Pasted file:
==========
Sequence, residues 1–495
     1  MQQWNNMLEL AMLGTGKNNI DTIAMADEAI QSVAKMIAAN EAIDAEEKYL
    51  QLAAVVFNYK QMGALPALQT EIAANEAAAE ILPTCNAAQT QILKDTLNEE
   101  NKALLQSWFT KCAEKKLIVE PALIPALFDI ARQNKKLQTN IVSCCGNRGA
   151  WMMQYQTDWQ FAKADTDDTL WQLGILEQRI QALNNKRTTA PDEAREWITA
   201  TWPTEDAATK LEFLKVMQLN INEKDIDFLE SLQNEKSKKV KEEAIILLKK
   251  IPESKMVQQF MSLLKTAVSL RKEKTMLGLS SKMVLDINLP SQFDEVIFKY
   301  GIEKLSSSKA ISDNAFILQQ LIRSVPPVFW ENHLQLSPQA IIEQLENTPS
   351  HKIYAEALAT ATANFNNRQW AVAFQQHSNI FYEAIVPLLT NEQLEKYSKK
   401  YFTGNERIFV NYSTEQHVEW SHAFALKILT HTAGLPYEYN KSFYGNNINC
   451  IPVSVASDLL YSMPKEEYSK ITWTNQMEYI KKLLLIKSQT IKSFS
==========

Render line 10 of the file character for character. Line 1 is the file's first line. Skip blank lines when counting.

   401  YFTGNERIFV NYSTEQHVEW SHAFALKILT HTAGLPYEYN KSFYGNNINC